are both JEEP WRANGLER vehicles that have been upfitted in somewhat different ways
to enhance their off-road capabilities. They are sold to the same class of purchasers and
have similar uses and functions. While plaintiff’s and defendant’s MOAB vehicles are
highway-legal, the primary customer base for both appears to be those who enjoy the
sport of off-road four-wheeling. The side-by-side appearance of the parties’ respective
upfitted JEEP WRANGLER vehicles is quite different. Plaintiff’s vehicle has a far more
robust stance. Nevertheless, this factor tends to support a claim that plaintiff’s MOAB
vehicle and defendant’s MOAB Special Edition might be confused with one another.
Similarity of Marks (factor 3)
Plaintiff’s MOAB INDUSTRIES registered mark and defendant’s MOAB
mark employed on its upfitted WRANGLER vehicles are superficially distinct. However,
what is most striking about the parties’ respective upfitted vehicles is that both place the
MOAB mark in large letters on both sides of the hood of their vehicles. This
circumstance suggests some potential confusion.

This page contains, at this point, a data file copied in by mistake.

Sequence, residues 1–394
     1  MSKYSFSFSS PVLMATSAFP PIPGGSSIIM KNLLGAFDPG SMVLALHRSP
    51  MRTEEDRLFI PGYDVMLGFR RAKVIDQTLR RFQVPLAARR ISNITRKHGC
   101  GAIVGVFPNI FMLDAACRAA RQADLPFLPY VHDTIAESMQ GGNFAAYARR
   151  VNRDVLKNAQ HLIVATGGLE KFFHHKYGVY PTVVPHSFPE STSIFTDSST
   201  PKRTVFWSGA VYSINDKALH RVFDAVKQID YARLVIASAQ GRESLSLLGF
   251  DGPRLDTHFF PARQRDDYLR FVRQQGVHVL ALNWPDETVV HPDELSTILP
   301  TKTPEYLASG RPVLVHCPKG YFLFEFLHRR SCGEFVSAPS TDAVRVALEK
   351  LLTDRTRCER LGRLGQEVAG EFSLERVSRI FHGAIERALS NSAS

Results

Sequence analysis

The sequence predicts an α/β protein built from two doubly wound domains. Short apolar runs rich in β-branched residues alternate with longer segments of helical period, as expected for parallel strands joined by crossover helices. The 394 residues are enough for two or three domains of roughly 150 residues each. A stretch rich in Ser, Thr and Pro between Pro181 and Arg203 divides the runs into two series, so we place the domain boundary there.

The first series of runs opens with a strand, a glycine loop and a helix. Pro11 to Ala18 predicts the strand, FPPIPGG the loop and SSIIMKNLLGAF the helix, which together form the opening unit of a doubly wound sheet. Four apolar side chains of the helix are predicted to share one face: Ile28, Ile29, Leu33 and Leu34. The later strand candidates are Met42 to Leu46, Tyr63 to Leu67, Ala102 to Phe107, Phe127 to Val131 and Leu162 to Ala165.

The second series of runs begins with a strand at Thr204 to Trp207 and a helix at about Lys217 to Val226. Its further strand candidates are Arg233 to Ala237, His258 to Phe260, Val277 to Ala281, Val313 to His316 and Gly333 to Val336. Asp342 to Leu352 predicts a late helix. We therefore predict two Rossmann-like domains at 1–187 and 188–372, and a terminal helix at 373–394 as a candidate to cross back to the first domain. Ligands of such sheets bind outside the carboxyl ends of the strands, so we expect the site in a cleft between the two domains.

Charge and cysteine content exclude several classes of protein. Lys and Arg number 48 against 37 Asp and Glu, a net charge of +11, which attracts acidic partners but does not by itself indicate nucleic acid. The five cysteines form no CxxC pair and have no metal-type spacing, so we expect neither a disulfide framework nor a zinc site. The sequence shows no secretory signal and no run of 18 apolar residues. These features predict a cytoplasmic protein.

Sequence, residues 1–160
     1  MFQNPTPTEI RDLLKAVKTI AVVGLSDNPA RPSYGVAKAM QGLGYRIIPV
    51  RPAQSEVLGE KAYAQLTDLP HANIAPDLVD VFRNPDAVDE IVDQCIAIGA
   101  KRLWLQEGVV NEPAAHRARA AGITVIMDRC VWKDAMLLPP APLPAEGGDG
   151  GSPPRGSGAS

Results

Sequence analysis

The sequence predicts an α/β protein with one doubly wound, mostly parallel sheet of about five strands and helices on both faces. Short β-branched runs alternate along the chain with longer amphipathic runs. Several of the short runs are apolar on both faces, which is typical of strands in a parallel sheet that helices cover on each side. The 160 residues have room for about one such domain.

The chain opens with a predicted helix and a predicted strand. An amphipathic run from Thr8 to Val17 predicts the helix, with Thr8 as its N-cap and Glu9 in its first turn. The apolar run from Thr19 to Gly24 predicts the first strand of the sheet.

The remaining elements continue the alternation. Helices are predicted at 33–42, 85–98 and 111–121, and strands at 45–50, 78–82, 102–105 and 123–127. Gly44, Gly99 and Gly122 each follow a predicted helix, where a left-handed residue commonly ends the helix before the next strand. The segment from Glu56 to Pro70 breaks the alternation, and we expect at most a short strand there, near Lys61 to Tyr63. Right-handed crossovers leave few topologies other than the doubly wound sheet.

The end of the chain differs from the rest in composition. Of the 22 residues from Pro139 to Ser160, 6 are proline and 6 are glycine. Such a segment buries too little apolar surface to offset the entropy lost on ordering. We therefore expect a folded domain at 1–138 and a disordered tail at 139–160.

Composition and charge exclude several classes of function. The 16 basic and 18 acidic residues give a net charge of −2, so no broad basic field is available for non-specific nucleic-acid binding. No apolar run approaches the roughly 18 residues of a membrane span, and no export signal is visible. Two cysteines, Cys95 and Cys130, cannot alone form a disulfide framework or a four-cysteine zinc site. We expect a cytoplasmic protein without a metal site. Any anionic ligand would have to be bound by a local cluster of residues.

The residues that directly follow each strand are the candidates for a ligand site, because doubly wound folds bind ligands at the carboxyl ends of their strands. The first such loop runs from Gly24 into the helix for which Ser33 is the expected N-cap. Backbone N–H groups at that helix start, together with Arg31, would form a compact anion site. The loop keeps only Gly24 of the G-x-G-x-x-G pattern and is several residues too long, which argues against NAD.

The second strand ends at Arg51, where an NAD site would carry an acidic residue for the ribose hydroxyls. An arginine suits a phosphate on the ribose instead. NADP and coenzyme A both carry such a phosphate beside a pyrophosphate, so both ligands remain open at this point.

Evidence of Confusion (factor 4)
Plaintiff offered live and deposition testimony in support of its contention
that there was actual confusion as to the source of plaintiff’s upfitted JEEP WRANGLER
which the plaintiff resold as its MOAB brand.
A common thread running thorough the testimony of plaintiff’s witnesses is
the fact that web search inquiries with respect to the name Moab regularly turned up first
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a link to defendant.14 However, when a person scrolled past references to JEEP or
MOAB, one would locate, among others, the MOAB INDUSTRIES website. Those
searches did not suggest any connection between plaintiff and defendant, and plaintiff’s
website expressly disclaimed any connection between plaintiff and defendant.
Jackson and Watson purchased JEEP vehicles upfitted by plaintiff and later
encountered defendant’s MOAB Special Edition vehicle. The testimony of Jackson and
Watson is irrelevant to plaintiff’s claim of reverse confusion because neither Jackson nor
Watson was a potential customer. Jackson and Watson both knew they owned vehicles
upfitted by plaintiff.
The testimony of Eastlack does not support plaintiff’s reverse confusion
contention. It is clear from Eastlack’s trial testimony that she knew that both plaintiff and
defendant were selling MOAB brand JEEP vehicles. She had expressed in a letter to
Silvernale the belief that there was a connection between his company and defendant.
Silvernale took offense. Because Silvernale had a client-banker relationship with